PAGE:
Broken Water is a three-piece outfit from Olympia, WA. They appear to be operating now, though if you didn’t know any better, you’d think these seven inches of wax were pressed somewhere around 1991. Here I’ll just take a moment of silence to cross myself and nostalgically gaze toward an invisible distant object in which I see the past romantically miraged. This ‘official’ debut, which appears to be untitled, or perhaps ‘self-titled’, consists of two brick-walled tracks of dampened, reverb-tinged vocals, trebly reverb-drenched guitar, and ever-so-subtle bass. The songwriting is simple, but the aesthetic is dead on
. In 2009 folks were trying to figure out how to make the Marshalls and Mesa Boogies their parents bought them sound like a 10-watt Gorilla (Wavves, Eat Skull, et al.), and meanwhile Broken Water is rediscovering for us the sadly abandoned sounds of desert-tinged depression rock’n’roll.
The first track (A-side) is “Boyfriend Hole”, about five minutes of your standard verse-chorus-verse kinda song. While the format and construction are simple, don’t discount the tune just yet. The lead riff is so simple—only four notes, I think, played at various keys. But this riff has burrowed into my skull and now it won’t climb out. The liner in the sleeve of this 7” attributes the vocals to a lady named Kanako, and unfortunately this is all I know about her. Her vocals on this track (and the next) are perfect for this music—deadpan, but right in key where she should be. And this helps me to focus on the emotion (or lack thereof, cause this lady sounds sad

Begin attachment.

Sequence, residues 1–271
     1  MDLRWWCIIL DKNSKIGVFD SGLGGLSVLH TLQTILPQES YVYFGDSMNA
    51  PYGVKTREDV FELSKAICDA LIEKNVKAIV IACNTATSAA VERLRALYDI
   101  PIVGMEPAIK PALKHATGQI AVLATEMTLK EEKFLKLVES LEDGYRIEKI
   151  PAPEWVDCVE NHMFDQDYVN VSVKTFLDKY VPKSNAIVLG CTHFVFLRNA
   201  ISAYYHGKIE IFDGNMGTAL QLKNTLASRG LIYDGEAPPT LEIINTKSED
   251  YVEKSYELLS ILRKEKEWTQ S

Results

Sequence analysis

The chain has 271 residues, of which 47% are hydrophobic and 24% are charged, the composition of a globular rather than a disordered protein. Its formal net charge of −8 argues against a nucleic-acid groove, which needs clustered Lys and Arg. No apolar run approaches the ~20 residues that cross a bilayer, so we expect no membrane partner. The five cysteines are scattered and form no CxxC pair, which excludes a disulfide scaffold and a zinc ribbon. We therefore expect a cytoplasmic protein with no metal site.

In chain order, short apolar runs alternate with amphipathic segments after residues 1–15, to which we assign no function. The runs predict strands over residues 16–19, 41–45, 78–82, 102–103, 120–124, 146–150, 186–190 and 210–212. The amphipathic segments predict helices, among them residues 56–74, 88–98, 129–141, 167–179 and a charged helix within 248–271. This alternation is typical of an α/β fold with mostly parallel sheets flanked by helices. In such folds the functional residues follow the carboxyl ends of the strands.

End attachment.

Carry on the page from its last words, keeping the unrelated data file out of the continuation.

) that is carried in her voice. A-side is a success. We rocked, I envisioned myself cruising through Nevada at 9pm, and I felt motivated to queue up some Pixies albums.
The B-side isn’t quite the rocker as its counterpart, but it is nonetheless a success. The climbing guitar riff jitters up the neck and then crumbles back down again, over and over. All the while, Kanako’s voice sooths in words that I can’t make out. Is she not annunciating, or is the garbly distortion and eternal spring of the guitar obscuring everything behind it? The drums on this one sound less like they’re in a cavern and more like they’re in my basement. Still heavily effected on all edges, “Mother” is a great flipside for “Boyfriend Hole”.
If there’s anything I don’t like about this 7”, it’s that I don’t have more Broken Water to listen to right now. Well actually I think they might have a few additional jams on their MySpace right now. But once you hear a band like this on vinyl, you won’t wanna settle for 128kbps! According to their ‘press’ sheet, the band is working on some additional jams that will be out soon (or already?). This particular 7” is self-released and nicely packaged in a letter-press jacket. 7/10 -- Michael Jantz (14 January, 2010)